I started this post a couple days ago and left it because I needed some fresh skate pics to go along with my ramblings. It went like this: Conformity has never been my strong suit. I don't consider myself a leader and am not here to show people the way or anything. I admittedly have no idea what's going on, but I aim to find out. I have always been very emotional and wear my feelings on my sleeve. That's just who I am and as immature as it may be, I believe that other people care about how I feel. I don't hide things and something tells me that I need to keep exposing myself and everything I believe to be true. One thing I believe is that for whatever reason people put up a front (to other people) like they have their shit together. These fronts are inspired by the media and are making people depressed. The pressure to perform and showcase our talents is creating fear because behind the visaed lies an imperfect being trying to fit into something they don't understand.

I must have been feeling puzzled that day haha. I've been unemployed for well over a month now and the pressure to get a job surges within me sometimes. Yet today, after landing a teaching position at The Lifelong Learning Center, the pressure has relented a bit, giving me some space to reflect on all that unemployment has provided. I now have a handle on the unemployment insurance system, the legal process of divorce, the tax-exempt application process, and most importantly an increased valuation of my time. For the last five years I've been exchanging my time with Lee Enterprises for $13.50/hour, but since being out in the world it seems I can rock a far greater clip. We all have irons in the fire and keeping the fire stoked isn't always easy, but these irons aren't going anywhere and today I feel confident in my ability to forge something that will prove how valuable I truly am. Something useful and elegant. Something beautiful - born from the fire inside my heart. Something to inspire others and remind us all that we're more valuable than we think.

...and now some skating pics.

Back At It

Skatepark Mark rides again! Although the weather was a bit chilly, things got hot quick at the skatepark yesterday. Showing up with little intention of skating, the grip of thrashing took hold and off I went. My daughter and her friend Monika are little Razor girls and the trip was mostly to allow them the shred their scooters and possibly, if we could, introduce Monika to the joys or "2 wheeler" bike riding. With beautiful blue sky overhead, the park called to us and we returned to the land of concrete abandon.

My skateboard is a little worn out these days, but my attitude is fresh and my outlook is lively. I feel like a spring chicken. Cluck! The past few months have been well, an odyssey I suppose. Through some unfortunate events I was forced to re-create myself and admit defeat. Addiction has been such a part of my life for so many years, that being clean was a far-fetched notion. I sorta just absorbed it all and told myself what doesn't kill you makes you stronger. These days, I feel different.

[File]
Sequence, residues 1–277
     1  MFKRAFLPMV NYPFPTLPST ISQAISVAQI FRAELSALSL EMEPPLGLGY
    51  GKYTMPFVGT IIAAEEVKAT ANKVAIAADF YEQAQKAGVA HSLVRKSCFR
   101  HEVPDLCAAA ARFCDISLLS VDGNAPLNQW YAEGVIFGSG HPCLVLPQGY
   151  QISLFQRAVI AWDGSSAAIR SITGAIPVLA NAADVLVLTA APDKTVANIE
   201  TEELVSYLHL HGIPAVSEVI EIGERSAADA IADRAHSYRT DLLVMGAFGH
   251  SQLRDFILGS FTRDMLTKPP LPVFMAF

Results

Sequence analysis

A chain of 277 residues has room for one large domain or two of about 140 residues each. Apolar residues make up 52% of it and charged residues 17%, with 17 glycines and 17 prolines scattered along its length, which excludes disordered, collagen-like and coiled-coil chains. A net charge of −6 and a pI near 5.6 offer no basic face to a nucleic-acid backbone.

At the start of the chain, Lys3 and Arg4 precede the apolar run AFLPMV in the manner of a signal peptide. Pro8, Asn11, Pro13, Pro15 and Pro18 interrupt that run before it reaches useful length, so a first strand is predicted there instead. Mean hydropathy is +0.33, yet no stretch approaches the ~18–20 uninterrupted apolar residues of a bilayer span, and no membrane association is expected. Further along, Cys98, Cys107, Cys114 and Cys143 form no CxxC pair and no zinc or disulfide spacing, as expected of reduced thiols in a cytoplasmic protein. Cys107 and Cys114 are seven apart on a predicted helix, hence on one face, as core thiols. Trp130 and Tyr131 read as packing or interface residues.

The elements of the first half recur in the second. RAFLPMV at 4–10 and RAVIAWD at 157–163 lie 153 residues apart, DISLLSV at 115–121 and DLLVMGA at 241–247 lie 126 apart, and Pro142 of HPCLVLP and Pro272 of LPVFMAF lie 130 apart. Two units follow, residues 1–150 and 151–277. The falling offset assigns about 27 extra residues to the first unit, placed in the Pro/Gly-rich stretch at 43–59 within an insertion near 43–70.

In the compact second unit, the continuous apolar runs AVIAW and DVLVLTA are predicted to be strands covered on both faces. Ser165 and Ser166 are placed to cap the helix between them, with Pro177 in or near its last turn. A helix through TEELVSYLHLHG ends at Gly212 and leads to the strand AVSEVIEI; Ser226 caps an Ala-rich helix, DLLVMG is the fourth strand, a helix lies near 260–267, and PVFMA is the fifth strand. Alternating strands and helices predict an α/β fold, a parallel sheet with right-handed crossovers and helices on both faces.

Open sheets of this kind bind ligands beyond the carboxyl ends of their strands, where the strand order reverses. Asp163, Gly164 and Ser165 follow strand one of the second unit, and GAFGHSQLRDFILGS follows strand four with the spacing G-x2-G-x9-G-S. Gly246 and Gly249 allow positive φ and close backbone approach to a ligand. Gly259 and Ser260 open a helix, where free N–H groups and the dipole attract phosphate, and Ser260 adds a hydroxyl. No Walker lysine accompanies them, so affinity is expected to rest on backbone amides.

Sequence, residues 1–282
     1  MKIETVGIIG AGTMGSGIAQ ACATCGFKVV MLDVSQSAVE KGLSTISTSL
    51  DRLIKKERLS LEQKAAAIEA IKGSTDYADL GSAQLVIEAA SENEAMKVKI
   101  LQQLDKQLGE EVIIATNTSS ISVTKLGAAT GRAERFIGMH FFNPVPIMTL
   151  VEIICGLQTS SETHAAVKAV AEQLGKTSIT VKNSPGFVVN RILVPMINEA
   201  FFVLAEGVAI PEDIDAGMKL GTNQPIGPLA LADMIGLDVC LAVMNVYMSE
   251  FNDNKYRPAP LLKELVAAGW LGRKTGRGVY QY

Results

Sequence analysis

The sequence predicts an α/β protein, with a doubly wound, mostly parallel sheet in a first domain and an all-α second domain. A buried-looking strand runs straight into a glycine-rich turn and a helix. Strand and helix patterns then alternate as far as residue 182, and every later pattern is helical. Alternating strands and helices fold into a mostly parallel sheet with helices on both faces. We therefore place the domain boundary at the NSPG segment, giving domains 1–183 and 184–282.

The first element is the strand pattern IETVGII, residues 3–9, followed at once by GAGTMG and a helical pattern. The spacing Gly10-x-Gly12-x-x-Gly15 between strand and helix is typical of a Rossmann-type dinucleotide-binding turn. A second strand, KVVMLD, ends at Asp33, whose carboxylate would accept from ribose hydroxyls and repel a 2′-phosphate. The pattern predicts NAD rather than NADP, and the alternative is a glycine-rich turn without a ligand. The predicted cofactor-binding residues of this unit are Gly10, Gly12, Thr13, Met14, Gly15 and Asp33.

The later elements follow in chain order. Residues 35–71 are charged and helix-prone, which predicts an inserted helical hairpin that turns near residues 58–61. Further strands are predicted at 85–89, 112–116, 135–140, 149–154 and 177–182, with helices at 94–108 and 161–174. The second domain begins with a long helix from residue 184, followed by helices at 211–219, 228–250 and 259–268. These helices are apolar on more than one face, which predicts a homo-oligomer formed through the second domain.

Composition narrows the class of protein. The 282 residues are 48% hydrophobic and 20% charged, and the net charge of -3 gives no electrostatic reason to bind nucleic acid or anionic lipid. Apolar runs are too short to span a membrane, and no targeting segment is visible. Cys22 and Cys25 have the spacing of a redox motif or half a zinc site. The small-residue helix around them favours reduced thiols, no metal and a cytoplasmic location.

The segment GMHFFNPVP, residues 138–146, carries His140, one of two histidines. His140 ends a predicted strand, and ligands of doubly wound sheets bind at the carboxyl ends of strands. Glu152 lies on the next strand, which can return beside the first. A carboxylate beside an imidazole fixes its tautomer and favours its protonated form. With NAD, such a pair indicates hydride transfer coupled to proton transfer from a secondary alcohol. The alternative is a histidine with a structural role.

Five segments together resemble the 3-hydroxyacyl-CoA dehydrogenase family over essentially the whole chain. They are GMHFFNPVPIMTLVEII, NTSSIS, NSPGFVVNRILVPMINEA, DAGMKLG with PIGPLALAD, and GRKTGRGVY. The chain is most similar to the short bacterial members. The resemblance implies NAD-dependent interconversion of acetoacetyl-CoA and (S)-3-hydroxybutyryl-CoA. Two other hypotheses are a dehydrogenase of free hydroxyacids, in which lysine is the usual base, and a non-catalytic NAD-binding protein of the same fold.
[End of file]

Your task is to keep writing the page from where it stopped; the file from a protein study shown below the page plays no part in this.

Today is my 6 month sobriety birthday and I feel BLESSED! Enduring pain has always been my thing, but nowadays I feel like toughing it out isn't the best mode. While it's good to be resilient and knowing you can recover from this hard knock life is an asset, I now believe that true strength comes from believing you can't be hurt. I'm nowhere near total self-confidence, but I have faith that through God I can get closer.

So yesterday, after we all got our fill at the skatepark, my crew and I took to the Christian Life Center parking lot to learn Monika about riding a bike...2 wheeler style. Something about the expanse of open lot gives first-time bike riders a little more confidence and with me running behind her holding her up for about 50 yards, Monika rode away on her own. My friend Lyle put it best when he mentioned that she'll always know how to ride a bike now. Believing in yourself is a powerful thing!!

It's worth mentioning that while at CLC Monika's older sister Madison, a novice driver, learned a little bit about parallel parking and how to put the brakes on before she goes too far in the wrong direction. Also, we met a horse there who knows about the perils of barbed wire. Apparently this horse was loose on county roads for months and the rider of the horse was called in to put the horse down. Though, instead of burying him he adopted the horse, helped him recover and now calls him his best horse. I suppose the point of all this is that through love we can help others and through God we can help ourselves. Because from time to time, we all need a little help.

Photos courtesy of Montanaboy Designs. Positive Waves.

Anaconda, MT

SPM hooked up with SPMom yesterday and took our kids east to Anaconda, MT then Fairmont Hot Springs. Hoping to get out of the smoke in Missoula, we were disappointed to find the haze reaching 100 miles away as well. I guess the old adage holds true, smoke follows beauty.

The Anaconda skatepark is a real microcosm of the town, small and down to business. Parker liked the two 1/4 pipes with the box in the middle, Maryan liked the castle at the playground, Emmie liked the expanding tear in the trail mix, Liam liked the changing his shoes, and I liked the view of the McDonalds and Conoco signs. Something about those two landmarks made me feel at home.